A nature reserve encloses a space with a remarkable natural heritage (an original natural environment, the habitat of a rare plant or animal species, or the presence of geological or archaeological sites). Reserves make it possible to protect this heritage thanks to their particularly stringent legal framework. The running of the reserve is entrusted to a public or private body selected by the authorities depending upon objectives defined in advance. Most of the time it is a matter of preserving or reconstituting habitats or endangered species populations, of enabling scientific and technical studies, and of informing the public about the natural heritage. All of these objectives are laid out in a management plan drawn up and implemented by a conservation administrator working for a management organisation.

In France there are 323 nature reserves (counting both the mainland and overseas areas) covering 2,848,000ha, of which the French Southern Lands just off the Antarctic make up 2,270,000ha. French Guiana has its fair share with seven nature reserves of major interest, the most isolated of which is the La Trinité reserve.

La Trinité : an unspoiled world

La Trinité reserve covers an area of 760km2 andis the fourth largest French reserve. Since 13th May 1997 it has been run by the French National Forestry Office (Office National des Forêts).

Lying over fifty kilometres away from the nearest road network, and so only accessible by a pirogue along the Mana or Sinnamary, or else by helicopter, La Trinité’s primary aim is not to welcome the public. The reserve was created in 1996 to protect and study an extremely isolated area which had therefore never been subject to human pressure. This isolated geographical location had protected the forest from legal and illegal human activities such as poaching, deforestation, and so on. The absence of any gold deposits – a stroke of luck here in French Guiana – meant that it was not affected by miners looking for gold. That is why the La Trinité reserve is a privileged place to study the wildlife and flora of the primal forests.

The first scientific missions date back to 1970. Within ten or so years they confirmed just how original the flora of this zone was. In addition to this, archaeological studies revealed three major prehistoric sites: a rock shelter with a 300m² chamber and two groove sites. Lastly the reserve is of specific geological interest thanks to the enormous inselbergs, or “savannah rocks” (Mont 501, Roche Bénitier). These natural characteristics make up a particularly striking and unique landscape (vast stretches of forest with enormous cliffs rising up here and there.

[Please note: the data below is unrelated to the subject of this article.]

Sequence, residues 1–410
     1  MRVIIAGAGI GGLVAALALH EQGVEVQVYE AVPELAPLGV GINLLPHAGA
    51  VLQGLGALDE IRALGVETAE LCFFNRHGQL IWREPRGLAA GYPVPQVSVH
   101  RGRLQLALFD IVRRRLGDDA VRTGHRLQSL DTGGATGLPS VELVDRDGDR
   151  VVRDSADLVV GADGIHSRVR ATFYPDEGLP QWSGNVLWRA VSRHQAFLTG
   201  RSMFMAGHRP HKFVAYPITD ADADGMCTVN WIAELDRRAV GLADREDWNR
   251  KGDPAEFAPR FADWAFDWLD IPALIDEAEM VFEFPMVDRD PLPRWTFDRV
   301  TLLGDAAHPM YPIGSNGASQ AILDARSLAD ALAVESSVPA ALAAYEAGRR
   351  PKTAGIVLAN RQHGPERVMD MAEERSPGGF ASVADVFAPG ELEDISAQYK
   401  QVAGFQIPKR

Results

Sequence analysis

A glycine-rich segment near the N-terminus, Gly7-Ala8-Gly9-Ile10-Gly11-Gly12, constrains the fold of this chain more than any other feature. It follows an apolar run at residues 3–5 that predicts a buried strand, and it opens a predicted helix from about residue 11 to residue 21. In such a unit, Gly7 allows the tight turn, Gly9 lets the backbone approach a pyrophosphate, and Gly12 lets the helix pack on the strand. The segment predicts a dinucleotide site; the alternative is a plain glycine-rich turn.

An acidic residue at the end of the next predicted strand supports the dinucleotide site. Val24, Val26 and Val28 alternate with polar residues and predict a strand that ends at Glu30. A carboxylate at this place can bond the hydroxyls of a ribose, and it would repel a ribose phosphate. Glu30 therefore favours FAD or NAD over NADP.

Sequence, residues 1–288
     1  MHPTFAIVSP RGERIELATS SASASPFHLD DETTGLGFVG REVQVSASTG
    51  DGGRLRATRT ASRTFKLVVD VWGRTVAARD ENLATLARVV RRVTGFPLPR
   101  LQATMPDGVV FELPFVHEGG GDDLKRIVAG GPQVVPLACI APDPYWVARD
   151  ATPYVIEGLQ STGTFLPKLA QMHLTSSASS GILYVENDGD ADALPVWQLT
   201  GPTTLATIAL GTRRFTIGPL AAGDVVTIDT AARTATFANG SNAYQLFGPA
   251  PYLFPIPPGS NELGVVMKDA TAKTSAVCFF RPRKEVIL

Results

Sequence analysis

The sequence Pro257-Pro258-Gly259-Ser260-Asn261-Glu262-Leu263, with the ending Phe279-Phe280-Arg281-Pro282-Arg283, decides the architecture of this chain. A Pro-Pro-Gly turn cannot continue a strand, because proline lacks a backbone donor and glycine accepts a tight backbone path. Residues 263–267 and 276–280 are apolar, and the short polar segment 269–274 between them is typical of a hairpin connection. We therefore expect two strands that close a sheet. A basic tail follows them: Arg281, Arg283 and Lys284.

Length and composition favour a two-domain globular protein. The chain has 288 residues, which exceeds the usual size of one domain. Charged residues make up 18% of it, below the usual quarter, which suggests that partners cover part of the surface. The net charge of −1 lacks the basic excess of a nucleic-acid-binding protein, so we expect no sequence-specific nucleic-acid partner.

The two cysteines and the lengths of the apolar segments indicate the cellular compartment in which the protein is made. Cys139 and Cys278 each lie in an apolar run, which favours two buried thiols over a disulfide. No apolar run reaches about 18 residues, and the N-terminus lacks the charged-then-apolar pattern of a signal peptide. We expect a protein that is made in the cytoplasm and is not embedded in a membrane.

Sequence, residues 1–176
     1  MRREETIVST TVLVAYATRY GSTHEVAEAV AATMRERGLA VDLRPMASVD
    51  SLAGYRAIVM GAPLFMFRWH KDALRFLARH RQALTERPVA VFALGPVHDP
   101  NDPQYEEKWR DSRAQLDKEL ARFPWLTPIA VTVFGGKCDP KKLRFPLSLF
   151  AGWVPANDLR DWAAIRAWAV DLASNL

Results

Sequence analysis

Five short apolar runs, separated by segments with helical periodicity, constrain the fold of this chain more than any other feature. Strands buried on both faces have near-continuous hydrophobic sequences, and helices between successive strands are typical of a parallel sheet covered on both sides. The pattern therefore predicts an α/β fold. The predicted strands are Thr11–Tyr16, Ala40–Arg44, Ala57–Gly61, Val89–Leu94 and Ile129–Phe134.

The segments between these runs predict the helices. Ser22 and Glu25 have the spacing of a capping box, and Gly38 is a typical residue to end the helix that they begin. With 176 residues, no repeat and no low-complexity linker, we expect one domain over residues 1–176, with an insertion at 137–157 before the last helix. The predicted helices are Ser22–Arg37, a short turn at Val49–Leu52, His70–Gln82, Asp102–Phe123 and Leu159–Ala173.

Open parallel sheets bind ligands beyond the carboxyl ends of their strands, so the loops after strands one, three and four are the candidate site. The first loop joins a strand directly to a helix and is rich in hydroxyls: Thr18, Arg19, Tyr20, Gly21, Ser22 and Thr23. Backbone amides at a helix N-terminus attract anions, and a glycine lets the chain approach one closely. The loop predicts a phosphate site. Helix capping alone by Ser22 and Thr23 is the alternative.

Studies of the Roche Bénitier

Even though the inselbergs only cover 5% of La Trinité, they are exceptional sites standing several hundred metres high above the forests and so have always stimulated the curiosity of researchers.

Mont 501 and the Roche Bénitier with its cliffs over 300 metres tall have original wildlife and flora which are wholly specific to these extremely hot, dry places. During the day the sun beats down directly on the rock and its temperature can reach 75°C. In this hostile habitat heat-resistant flora have nevertheless developed, thanks to the action of living microorganisms called cyanobacteria which are able to resist extreme conditions. These organisms are the first to move in, and shelter in the slightest fissure where they are able to fix the atmospheric nitrogen and carbon and, powered purely by the sun, are able to eat away at the granite and so create a thin layer of soil. A lot later the first plant species take hold on this substrate. A herbaceous cluster of suffrutescent plants, normally composed of no more than a dozen species, starts to develop. In particular it includes a sort of wild pineapple called Pitcairnia geyskesii, as well as other species endemic to the inselbergs in French Guiana and Surinam. The clumps grow to 40 or 50cm tall and can survive on skeletal soil (no more than 2 to 4cm deep). This ground cover of grasses is soon replaced by shrubs and trees of an average height of 4 to 5 metres, and that can colonise slopes of up to 62%. The dominant species are the Clusiaceae Quapoya scandens and the Bombax Rhodognaphalopsis flaviflora.

In the rainy season water streaming down the slopes can sometimes uproot the shrubs and tufts of grass which are then carried down to the bottom of the inselberg. The rock becomes bare once again and the plant cycle starts all over again.

Forests can develop on the top of the inselberg if the slope is not too steep. This is the case for Roche Bénitier, where the forest at the top seems to differ to an unusual degree from the forest underneath, a singularity due to be confirmed by scientific studies over the coming years.

Far from complete inventory